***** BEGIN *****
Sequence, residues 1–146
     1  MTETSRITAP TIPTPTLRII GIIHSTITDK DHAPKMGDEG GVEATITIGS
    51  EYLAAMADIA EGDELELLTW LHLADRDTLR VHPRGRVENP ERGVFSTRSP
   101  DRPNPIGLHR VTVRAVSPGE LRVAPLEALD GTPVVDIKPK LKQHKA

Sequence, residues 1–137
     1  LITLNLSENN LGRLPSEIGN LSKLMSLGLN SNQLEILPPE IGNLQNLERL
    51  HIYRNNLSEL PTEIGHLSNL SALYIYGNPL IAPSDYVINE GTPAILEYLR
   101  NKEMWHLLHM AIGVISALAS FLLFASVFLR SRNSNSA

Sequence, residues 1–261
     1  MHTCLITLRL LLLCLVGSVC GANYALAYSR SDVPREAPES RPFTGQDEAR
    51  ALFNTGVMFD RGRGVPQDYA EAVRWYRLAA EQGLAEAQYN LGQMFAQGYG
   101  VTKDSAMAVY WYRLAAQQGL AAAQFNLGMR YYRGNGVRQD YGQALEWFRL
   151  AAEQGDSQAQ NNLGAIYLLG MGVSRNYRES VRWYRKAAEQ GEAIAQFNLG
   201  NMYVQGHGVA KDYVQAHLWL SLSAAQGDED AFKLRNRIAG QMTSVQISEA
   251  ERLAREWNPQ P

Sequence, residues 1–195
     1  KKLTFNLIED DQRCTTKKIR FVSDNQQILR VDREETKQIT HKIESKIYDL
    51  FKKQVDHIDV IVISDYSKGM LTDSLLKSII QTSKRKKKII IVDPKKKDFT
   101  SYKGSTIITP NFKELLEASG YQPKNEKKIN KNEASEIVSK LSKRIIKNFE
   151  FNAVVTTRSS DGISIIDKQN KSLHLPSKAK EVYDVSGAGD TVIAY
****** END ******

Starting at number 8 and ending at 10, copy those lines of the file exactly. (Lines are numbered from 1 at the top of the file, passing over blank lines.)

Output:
   101  NKEMWHLLHM AIGVISALAS FLLFASVFLR SRNSNSA

Sequence, residues 1–261
     1  MHTCLITLRL LLLCLVGSVC GANYALAYSR SDVPREAPES RPFTGQDEAR